Regular, physician-approved exercise is a highly effective way to fend off hypertension, strokes, heart attacks, and a variety of other serious and potentially fatal diseases. What’s more — and contrary to what many people believe — heart-friendly exercising doesn’t need to involve strenuous exertion for hours each day. According to an analysis of 22 studies that included more than 320,000 adults, people who engaged in moderate exercise for just 15 minutes a day tended to live three years longer than those who were inactive.
“We tend to take our hearts for granted until something goes wrong and we’re forced to make a dramatic change to our lifestyle, or we end up in the hospital,” commented Dr. Allen Amorn, a cardiac electrophysiologist who has spent several years working in the hospital and health care industry. “Fortunately, as long as they are medically cleared to do so by their physician, it doesn’t take much for people to boost their heart health and give this astonishingly useful muscle a helping hand — and potentially increase both their quality and quantity of life.”
According to Dr. Allen Amorn, who is highly skilled in all heart rhythm related device implantations including traditional pacemakers, implantable cardioverter/defibrillators (ICDs), cardiac resynchronization (CRTs), left atrial appendage occlusion (LAAOs), leadless pacemakers, and subcutaneous ICD (S-ICDs), here are three exercises to boost heart health:
Regular, brisk walking — as opposed to a leisurely stroll — is a remarkably simple, yet highly effective way to boost heart health; especially for older adults and seniors. Commented Dr. Amorn: “Walking as a form of aerobic exercise lowers the risk of heart attack, reduces LDL cholesterol, increases HDL cholesterol, lowers blood pressure, and can help manage weight. It’s safe, inexpensive, and fun alone, with a friend or as part of a group.”
Jumping in the pool and enjoying a moderate, refreshing lane swim is another heart-friendly exercise. Commented Dr. Allen Amorn, who has a special interest in complex catheter ablation including atrial fibrillation, ventricular tachycardia, and post MAZE atrial flutter: “To keep things interesting, and also to optimize the benefits and develop different muscle groups along with the heart, swimmers can mix things up. For example, they can do back crawls one day, front crawls the next, and so on.” An added benefit of lane swimming is that the properties of water causes less strain on your joints; thus, swimming is an excellent option for those who struggle with back and knee pain.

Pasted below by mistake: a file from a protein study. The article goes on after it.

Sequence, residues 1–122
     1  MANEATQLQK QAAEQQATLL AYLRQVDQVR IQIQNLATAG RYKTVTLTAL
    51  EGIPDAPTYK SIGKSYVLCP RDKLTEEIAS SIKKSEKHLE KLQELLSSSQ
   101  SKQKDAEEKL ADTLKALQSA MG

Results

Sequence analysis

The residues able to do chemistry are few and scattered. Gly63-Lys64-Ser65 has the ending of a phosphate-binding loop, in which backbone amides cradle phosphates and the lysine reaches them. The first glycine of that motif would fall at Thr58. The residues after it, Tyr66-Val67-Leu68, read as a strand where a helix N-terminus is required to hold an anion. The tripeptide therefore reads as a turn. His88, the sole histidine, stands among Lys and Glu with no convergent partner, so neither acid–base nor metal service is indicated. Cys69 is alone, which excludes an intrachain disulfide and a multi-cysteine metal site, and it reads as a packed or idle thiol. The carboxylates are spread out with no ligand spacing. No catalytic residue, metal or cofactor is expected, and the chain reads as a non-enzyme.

Here’s some wonderful news for people who dread the thought of running: research at St George’s University, Grenada suggests that lifting weights could be better for heart health than jogging. And if that wasn’t inspiring enough, separate research at the University of Iowa found that lifting weights for less than an hour per week (and not necessarily in one session) can reduce the risk of heart attack and stroke by 40–70 percent. Commented Dr. Amorn: “When most people think of lifting weights, they picture spending hours in the gym and over-exerting themselves. But just a couple of sets of bench presses, at an appropriate weight and with the proper technique, can be highly effective.”
Allen Amorn’s Final Thoughts
The heart beats about 100,000 times a day, and pumps around 1.5 gallons of blood per minute. In fact, except for the cornea, every cell in the body is dependant on getting blood from the heart. Concluded Dr. Allen Amorn: “The heart does a tremendous amount of hard work 24 hours a day, 365 days a year. People who follow a physician-approved program of regular exercise — which may include walking, lane swimming and weight training — give their heart, and their health, a vital and well-deserved helping hand.”